Wennerstrom: I think there was a definite goal to play the songs on the road and capture the live sound of the band. Until now, I didn’t really feel I had been able to do that with past albums. We all loved that approach. A lot of these songs, when we really sat back and listened, didn’t really need any guitar parts or layers. We felt that they were pretty strong on their own. Mark did all of the guitar live on “Simple Feeling.” I did overdub my acoustic but I didn’t want my vocals going into the acoustic mic and my acoustic going into the vocal mic and having problems with mixing later. So we did scratches for those and we went back and laid those down. “Low, Low, Low” we did totally live; we sort of sat in a circle and even the vocals are live on that song.
Was there a certain way you mic’d your amps?
Wennerstrom: Definitely another approach to recording this album was re-mic’ing amps and drums specific to how we wanted it to sound per song. Each song had its own setup to give it it’s own identity for the album. This has all been a learning process for me. For my first album we just set it up and hit record. We did closed, small-room mics for the drums for “Got to Have Rock ‘N’ Roll” and “Only for You” because I was going for kind of a ’70s R&B sound. And then we put the drums in a big room for a lot of the other songs.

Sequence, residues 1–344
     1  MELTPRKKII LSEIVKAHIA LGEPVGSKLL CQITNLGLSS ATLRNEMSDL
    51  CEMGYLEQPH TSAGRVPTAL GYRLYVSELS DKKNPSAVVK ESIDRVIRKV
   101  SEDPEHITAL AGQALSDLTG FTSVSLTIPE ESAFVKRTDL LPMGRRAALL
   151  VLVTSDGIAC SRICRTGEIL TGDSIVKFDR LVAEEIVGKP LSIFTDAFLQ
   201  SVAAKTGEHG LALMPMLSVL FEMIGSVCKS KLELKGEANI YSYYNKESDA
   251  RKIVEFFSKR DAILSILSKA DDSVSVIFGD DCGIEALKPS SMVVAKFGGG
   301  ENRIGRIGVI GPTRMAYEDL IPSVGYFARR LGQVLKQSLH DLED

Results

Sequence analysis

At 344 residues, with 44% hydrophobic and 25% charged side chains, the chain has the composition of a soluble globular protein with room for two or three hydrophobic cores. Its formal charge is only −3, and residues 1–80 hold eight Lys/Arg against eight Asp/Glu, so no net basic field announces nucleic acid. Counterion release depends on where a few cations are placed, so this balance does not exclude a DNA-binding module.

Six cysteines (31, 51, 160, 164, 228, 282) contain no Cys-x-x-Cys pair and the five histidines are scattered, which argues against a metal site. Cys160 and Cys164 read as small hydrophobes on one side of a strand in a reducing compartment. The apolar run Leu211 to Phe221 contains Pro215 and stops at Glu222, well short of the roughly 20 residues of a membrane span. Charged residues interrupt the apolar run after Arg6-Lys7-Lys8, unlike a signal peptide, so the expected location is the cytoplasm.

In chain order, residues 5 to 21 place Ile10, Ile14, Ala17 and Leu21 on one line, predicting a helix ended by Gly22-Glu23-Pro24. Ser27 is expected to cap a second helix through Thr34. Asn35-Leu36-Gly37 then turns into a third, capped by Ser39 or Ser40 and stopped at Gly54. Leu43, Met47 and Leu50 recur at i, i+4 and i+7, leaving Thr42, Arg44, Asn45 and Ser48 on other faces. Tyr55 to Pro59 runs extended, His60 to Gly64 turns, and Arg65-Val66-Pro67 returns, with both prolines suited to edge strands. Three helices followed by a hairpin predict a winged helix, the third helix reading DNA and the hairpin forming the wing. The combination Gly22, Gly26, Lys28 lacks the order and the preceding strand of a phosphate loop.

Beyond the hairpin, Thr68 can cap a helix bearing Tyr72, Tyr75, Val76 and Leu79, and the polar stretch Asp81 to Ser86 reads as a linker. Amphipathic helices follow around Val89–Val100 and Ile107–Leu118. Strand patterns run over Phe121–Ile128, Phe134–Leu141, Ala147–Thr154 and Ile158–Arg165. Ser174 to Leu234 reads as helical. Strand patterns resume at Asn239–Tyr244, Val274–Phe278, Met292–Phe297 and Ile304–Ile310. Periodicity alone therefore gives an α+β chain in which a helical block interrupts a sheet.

Nathan: We mic’d everything fairly close, depending on what song we were doing and how large the space was in the recording rooms that the amps were in. Sometimes we were able to get some room sounds and sometimes not, it just depended on where the drums were. But generally on my stuff I used three main amps: a handwired Vox AC30, a Marshall JCM 800, and a late-’60s Fender Super Reverb. As far as mics, it was usually a Royer R-121 and a Shure SM7, or a Royer R-121 and a Neumann U67.
What are your preferred guitars on tour?
Wennerstrom: I play acoustic on seven of the 10 songs on the album. I mostly used my Gibson J-45 and a Les Paul Studio.
Nathan: My main guitar that I’m taking with me live is my ’68 SG, which I’ve had for a long time but I recently had some work done to. I got it refretted and I got all of the electronics completely redone—I got new Throbak pickups and new pots. There’s a guy in Austin named Ed Reynolds that I take my guitars to and he did a great job. I also have a Japanese Fender Jazzmaster from the ’90s.
You mentioned you were going for a ’70s vibe on “Only For You.” How did you go about that?
Wennerstrom: That song I had pictured in my head as sounding like Curtis Mayfield and his falsetto vocals. I talked to the band and told them I’d like to take it in a sort of ’70s R & B soul sort of direction, and then Mark added the electric guitar parts.
Nathan: I actually played a Gretsch on that one. A friend of mine was kind enough to loan me a ’55 Country Gentleman, so I used that and a Super [Reverb] for that tune. I was real happy with the way that one turned out.